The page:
On 26 April 2012, the Lord Chief Justice announced that Lord Justice Gross and Mr Justice Treacy will be heading a review of sanctions for disclosure failures in criminal cases, and considering whether there are options for strengthening them. This follows on the heels of a September 2011 review into criminal disclosure in general.
The surge in electronic communication over the past decade in particular has had an effect on the way in which criminal trials are conducted – comments on cases are ‘Tweeted’, blogs appear online about a judgment before the decision itself and the occasional juror takes it upon themselves to conduct a little extraneous research on Facebook. This increasing reliance upon the World Wide Web is particularly pertinent in serious fraud cases: the sheer volume of electronic information of relevance (countless numbers of emails between those involved, for example, spanning many years) can be an incredible burden when it comes to disclosure. Little wonder, then, that the September review highlighted serious fraud cases as at the heart of the disclosure question, and the Lord Chancellor cited the “exponential growth” of material in criminal investigations, particularly electronic material, as “a matter of increasing concern”.
So what sanctions exist at the moment for failure on the part of the prosecution to disclose material within a reasonable timeframe? The Criminal Procedure and Investigations Act 1996 (CPIA) states at section 10(2) that failure of the prosecution to disclose material within the relevant period does not constitute grounds for staying the proceedings for abuse of process unless, under section 10(3), the accused is denied a fair trial. The court’s case management powers arise from part 3 of the Criminal Procedure Rules, where under part 3.5, it may address non-compliance with its directions by varying the date of a hearing, making a costs order or imposing any other sanction it deems appropriate.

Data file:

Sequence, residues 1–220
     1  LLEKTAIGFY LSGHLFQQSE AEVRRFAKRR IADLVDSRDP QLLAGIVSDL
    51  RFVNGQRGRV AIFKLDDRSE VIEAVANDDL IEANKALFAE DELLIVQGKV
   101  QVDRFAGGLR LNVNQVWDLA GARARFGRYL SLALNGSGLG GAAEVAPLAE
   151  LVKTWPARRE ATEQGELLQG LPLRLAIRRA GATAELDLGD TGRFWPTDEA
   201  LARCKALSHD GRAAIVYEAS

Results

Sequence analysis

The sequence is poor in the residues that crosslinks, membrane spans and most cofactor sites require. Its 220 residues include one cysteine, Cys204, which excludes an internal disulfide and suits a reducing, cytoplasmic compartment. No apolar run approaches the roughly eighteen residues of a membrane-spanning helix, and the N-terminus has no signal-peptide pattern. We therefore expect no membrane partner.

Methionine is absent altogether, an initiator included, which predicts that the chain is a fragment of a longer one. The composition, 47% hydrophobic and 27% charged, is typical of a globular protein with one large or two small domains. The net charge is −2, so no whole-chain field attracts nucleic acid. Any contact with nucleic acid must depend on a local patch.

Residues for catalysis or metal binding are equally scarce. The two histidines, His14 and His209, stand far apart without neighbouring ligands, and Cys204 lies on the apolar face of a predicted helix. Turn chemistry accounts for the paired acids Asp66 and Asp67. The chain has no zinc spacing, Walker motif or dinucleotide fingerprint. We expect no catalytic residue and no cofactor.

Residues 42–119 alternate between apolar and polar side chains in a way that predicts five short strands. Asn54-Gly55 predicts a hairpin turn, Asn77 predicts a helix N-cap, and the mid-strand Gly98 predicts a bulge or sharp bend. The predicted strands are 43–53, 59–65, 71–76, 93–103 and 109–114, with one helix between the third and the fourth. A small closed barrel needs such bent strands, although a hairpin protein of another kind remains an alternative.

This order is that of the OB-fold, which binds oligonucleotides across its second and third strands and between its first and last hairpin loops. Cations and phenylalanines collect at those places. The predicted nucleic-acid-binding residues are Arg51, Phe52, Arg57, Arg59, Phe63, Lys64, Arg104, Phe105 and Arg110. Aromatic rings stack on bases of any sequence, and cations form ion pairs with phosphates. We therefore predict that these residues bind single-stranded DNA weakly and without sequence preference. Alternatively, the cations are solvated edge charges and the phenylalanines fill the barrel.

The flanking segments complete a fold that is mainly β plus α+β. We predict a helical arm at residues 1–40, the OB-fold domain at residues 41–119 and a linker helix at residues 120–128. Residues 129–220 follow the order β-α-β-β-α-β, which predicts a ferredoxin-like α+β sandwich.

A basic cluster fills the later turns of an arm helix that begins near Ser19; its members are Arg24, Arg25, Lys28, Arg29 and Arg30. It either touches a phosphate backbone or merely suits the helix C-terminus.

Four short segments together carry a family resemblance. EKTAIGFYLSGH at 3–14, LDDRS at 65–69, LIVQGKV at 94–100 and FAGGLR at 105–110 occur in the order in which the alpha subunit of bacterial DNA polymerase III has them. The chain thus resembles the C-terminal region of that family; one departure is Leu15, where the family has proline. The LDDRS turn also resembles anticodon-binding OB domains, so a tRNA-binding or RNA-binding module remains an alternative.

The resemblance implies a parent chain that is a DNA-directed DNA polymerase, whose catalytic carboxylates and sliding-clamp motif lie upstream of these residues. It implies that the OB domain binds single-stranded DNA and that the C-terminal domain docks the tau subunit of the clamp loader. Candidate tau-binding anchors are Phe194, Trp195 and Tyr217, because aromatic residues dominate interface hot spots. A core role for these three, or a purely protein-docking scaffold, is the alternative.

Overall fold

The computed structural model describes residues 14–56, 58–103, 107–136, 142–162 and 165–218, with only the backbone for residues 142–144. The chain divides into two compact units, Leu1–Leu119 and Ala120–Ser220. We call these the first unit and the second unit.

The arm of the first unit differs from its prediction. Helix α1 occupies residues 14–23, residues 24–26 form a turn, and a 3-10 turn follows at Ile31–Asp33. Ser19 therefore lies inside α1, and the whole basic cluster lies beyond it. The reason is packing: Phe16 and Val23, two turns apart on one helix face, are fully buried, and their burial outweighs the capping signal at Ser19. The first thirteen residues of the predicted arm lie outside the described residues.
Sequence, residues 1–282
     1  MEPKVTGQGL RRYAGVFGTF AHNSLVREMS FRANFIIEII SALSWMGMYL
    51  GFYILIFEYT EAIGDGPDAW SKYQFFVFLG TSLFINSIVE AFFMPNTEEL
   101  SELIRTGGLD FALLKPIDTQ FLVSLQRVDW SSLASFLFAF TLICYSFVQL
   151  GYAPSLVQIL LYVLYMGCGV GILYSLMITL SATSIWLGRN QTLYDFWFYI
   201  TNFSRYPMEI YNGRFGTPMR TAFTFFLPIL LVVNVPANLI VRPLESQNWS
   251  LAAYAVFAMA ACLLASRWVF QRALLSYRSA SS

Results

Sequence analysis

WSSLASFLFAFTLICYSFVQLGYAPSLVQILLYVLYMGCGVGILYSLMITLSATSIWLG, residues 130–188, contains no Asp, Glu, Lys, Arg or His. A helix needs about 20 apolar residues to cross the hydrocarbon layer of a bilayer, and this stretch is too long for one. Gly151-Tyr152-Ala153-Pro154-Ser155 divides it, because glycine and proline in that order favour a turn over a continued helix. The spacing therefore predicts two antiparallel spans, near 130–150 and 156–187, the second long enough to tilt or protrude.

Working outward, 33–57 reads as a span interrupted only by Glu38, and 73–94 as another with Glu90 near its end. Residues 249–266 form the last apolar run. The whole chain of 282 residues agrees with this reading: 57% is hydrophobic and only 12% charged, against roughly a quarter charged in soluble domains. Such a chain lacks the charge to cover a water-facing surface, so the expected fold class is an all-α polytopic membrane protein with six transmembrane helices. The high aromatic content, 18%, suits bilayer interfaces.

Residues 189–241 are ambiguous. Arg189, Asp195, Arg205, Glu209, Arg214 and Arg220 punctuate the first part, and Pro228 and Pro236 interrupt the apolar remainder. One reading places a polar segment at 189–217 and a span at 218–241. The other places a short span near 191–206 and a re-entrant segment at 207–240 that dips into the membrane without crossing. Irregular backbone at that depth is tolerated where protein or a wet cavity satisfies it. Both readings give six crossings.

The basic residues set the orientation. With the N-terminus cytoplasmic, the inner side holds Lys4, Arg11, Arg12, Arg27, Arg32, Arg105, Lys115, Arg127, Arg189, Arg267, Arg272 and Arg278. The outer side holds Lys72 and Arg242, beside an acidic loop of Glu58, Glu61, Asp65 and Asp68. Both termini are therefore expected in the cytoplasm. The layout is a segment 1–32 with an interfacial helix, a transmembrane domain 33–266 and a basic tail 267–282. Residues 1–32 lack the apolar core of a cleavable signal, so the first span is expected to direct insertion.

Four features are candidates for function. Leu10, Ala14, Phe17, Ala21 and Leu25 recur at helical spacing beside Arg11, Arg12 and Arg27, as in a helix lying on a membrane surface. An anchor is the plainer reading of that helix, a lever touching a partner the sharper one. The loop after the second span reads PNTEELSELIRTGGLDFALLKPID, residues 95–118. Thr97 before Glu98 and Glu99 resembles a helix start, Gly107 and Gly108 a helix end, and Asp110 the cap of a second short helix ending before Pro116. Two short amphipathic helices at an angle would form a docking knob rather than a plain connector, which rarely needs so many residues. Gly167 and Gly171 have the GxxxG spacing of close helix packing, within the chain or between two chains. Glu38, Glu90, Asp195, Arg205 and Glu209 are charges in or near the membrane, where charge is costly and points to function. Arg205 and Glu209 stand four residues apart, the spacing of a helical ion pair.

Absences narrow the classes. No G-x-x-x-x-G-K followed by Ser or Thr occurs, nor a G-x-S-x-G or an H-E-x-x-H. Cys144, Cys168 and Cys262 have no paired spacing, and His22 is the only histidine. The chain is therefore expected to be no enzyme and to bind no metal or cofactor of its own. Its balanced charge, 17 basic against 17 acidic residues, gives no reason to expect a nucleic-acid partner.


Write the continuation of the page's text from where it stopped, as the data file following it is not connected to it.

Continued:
It is difficult to see to what extent increased sanctions might assist, indeed they may even be counter-productive. Whilst the September 2011 review looked for some guidance at the civil system (governed by the Civil Procedure Rules part 31), it rightly notes that the civil system is able to benefit from sanctions that cannot be implemented in the criminal sphere. The recalcitrant party in a civil case is at risk of having his case struck out, or of summary judgment. In the criminal system, such an approach could lead to a number of miscarriages of justice. Furthermore, any review must take into account the practical problems of disclosure, particularly of vast swathes of electronic information. The September review welcomes the CPS’ suggestion of a “disclosure management document” to pinpoint the prosecution’s intentions with regards to, for example, which search terms it applies. It is surely equally as important that, at the earliest stage, careful consideration must be undertaken as to the most efficient electronic system for analysing the information, in order to ensure that the systems in place are able to match up to the high standards expected.
The issues surrounding disclosure when confronted with large volumes of material are complex. Gross LJ admits that there is “no instant solution” and that improvement will be “incremental”. However, the upcoming review is a welcome next step. Now that the issues begin to be fully grappled with, there can be hope that more serious fraud cases can be brought to a smooth and just conclusion.
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